This led to occasional visits from colonial botanists and explorers, and much additional information was thus obtained respecting the flora. In Mr. Charles Fraser , Government Botanist and Superintendent of the Sydney Botanical Gardens , landed for a day in the Bay of Islands , and made a small collection of plants. In his successor, the indefatigable Allan Cunningham , paid a visit of over five months' duration. Through the assistance afforded by the resident missionaries he was able to explore the greater part of the Bay of Islands district, and to visit Whangaroa and Hokianga , making extensive and valuable collections.
In his brother, Richard Cunningham , arrived in H. He also spent nearly five months in travelling through the Bay of: Islands, Whangaroa , and Hokianga districts. In Allan Cunning-ham paid a second visit, remaining at the Bay of Islands through the whole of the winter and early spring; but the precarious state of his health prevented all active work, and his collections were consequently small.
He returned to Australia in October, , utterly exhausted and worn out, as his biographer says, "by twenty-five years of un-wearied exertions and laborious travel," and after lingering a few months, died at Sydney in June, In it Cunningham enumerates the whole of the species published by Forster and A. Richard, including also some of Banks and Solander 's plants which had been described by other botanists. To these he adds the new species discovered during his first visit and that of Richard Cunningham. Although page xxi containing much valuable information, it bears evident marks of hasty preparation, and can hardly be considered an adequate memorial of its enthusiastic and talented author.
The herbarium of both the Cunninghams is now preserved at Kew. Bidwill visited New Zealand for the first time in , and after a short stay at the Bay of Islands proceeded to the Bay of Plenty , from whence he journeyed to Rotorua and Taupo. Crossing Lake Taupo he reached Lake Rotoaira; and, using the Native village there as a base of operations, succeeded in exploring the spurs of Tongariro and in ascending the cone of Ngauruhoe , being the first European to accomplish the feat.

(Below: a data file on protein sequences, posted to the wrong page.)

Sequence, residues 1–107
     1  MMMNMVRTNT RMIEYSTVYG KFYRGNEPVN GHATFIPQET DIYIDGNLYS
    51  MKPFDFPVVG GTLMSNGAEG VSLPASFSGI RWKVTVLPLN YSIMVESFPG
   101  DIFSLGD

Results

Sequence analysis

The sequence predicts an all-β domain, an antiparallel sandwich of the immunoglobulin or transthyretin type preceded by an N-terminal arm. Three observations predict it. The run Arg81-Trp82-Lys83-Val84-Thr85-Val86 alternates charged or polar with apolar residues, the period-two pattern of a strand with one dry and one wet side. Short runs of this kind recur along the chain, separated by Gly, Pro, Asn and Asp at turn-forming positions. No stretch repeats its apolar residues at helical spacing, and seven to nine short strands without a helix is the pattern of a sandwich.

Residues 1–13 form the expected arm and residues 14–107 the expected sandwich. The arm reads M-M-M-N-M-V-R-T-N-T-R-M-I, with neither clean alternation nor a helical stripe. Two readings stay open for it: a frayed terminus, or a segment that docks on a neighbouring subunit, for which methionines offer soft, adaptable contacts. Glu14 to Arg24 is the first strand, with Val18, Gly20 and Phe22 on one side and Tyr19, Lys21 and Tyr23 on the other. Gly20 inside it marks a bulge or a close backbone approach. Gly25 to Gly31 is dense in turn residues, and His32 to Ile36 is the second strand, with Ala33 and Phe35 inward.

He returned by way of Rotorua , Tauranga , and the Thames Valley. His collections, which were forwarded to Sir W. A few years later he visited the mountains of Nelson , forming a very interesting collection of mountain-plants, which were also forwarded to Sir W. In the years —40—41, Dr. In addition to an examination of the whole of the northern peninsula, from the North Cape to Auckland, he travelled along the western coast to Raglan and Kawhia , and, crossing to the Waipa Valley, followed the western bank of the Waikato River to Lake Taupo.
A project to ascend Tongariro and Ruapehu was frustrated by the opposition of the Maoris, and he returned to Auckland by way of Rotorua , Tauranga , and the Thames Valley. During another journey he explored a large part of the Taranaki District, and was the first European to ascend Mount Egmont. He also visited Wellington , Wanganui , and Kapiti Island , and spent some time in the exploration of Queen Charlotte Sound , Cloudy Bay , and the whaling-stations on the north-east coast of the South Island.
Finally, he paid a visit to the Chatham Islands , and brought away the first plants collected in that outlying dependency of the colony. On his return to England Dieffenbach published his "Travels in New Zealand," the two volumes of which are replete with interesting matter relating to the flora, fauna, and Native inhabitants.
His botanical collections were presented to the Kew Herbarium, but, according to Sir J. Hooker , they are "most scanty, compared with the great extent of interesting ground he passed over. In July, , the French corvette "L'Aube" arrived at the Bay of Islands , and after a brief stay proceeded to Akaroa , remaining there until November, The surgeon attached to these two vessels, M. Raoul, made excellent collections, mainly at Akaroa , and, as he was the first botanist to page xxii investigate the flora of the eastern side of the South Island, many of his plants were altogether new.